FORT WORTH, Texas — The new Delta variant of COVID-19 first discovered in India and responsible for India’s outbreak is growing across the U.S. and Texas.
Last week, it made up 2% of cases in the CDC’s Southwest region, which includes Texas. Now it’s up to 10%.
Across the country, it makes up 6% of cases, double last week’s level of 3%. In the UK, which has seen COVID spread increase, it accounts for 60% of cases.
John Sims is the director of UNTHSC’s SaferCare Texas which is helping with vaccine outreach.
“I don’t think it’s a concern. I think it’s probably a certainty that’s going to come here, which emphasizes even more the importance of the vaccine,” Sims said.
While the Delta variant is more contagious and leads to more serious illness, vaccines are still effective against it. A British study found the Pfizer vaccines to be 88% effective in preventing symptomatic disease after two doses.
“I really hope that we have learned from this pandemic that we really need to be more proactive,” Sims said.
Texas vaccinations have slowed, though, with 46% of eligible Texans fully vaccinated, one of the lowest rates in the country. The U.S. is now unlikely at its current pace to meet President Biden’s goal of 70% of Americans vaccinated by July 4.
“I think that there is some fear among people getting the vaccine and that concerns me,” Sims said.
CDC Director Rochelle Walensky called the variant an opportunist.
“Communities that are not well-vaccinated, that haven’t hit vaccination targets that we’re looking for, are those that are going to be most at risk in the future,” she said.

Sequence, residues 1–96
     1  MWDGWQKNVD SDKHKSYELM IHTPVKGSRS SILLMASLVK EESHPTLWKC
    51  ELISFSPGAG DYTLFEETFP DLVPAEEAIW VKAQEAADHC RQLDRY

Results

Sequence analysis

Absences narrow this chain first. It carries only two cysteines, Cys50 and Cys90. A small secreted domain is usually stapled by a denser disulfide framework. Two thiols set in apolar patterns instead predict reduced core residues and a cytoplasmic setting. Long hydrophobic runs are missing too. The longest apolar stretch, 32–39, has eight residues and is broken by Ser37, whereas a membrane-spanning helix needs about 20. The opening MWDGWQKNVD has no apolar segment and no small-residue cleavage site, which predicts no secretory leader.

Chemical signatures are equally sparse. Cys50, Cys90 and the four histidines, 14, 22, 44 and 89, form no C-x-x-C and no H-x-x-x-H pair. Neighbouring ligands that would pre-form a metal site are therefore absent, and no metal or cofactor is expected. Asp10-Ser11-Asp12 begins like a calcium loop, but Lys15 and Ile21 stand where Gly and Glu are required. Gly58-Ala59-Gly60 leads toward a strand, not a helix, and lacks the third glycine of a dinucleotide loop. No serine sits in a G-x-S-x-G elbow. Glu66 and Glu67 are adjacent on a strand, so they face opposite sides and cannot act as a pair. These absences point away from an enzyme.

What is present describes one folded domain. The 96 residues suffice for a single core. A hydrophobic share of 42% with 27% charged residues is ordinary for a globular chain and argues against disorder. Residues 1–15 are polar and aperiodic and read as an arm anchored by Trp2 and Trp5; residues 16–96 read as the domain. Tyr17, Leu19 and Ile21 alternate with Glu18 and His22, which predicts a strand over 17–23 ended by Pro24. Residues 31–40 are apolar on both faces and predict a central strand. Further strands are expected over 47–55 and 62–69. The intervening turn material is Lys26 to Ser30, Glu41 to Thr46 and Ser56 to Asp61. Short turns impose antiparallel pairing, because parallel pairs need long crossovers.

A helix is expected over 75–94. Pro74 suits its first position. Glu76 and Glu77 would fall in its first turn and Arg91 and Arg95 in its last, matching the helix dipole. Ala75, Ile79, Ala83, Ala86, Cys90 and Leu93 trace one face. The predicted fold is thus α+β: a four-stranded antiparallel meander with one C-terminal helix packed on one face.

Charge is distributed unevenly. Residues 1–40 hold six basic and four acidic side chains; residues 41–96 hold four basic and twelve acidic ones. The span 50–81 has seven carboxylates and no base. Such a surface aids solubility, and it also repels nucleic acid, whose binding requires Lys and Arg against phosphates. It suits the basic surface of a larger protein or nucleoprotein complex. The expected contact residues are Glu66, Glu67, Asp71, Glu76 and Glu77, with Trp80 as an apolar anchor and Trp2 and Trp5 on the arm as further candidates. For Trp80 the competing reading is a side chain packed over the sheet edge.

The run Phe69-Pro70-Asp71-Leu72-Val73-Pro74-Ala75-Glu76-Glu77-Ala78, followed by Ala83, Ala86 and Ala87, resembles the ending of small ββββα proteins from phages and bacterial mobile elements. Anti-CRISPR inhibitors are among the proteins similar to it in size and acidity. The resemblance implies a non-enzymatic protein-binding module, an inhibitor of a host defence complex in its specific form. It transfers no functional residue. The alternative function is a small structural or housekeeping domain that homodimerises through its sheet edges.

The weekly average of COVID hospitalizations in Texas has gone up four days in a row, which hasn’t happened since mid-April. The current hospitalization level, 1,571 patients, is still far below the state’s peak, but Sims says the deadly winter the state and country just experienced should be a lesson to not wait until the spread gets worse.
“I don't want our country or state or city to go through that again,” he said. “The variant is capable of doing that and we have the tools to prevent it and should exercise those tools.”
Dallas County officials say they are figuring out how to legally create a lottery or cash incentive program for vaccines, and the Dallas Regional Chamber announced it is launching a program with giveaways from American and Southwest Airlines and local professional sports teams.
Sims said more vaccine access and education are the key to getting rates up and preventing unnecessary suffering.
“I think that there are some communities who are untrusting of health care workers in general, but also of the vaccine,” he said. “The risk from COVID-19 far outweighs the risks of getting the vaccine.”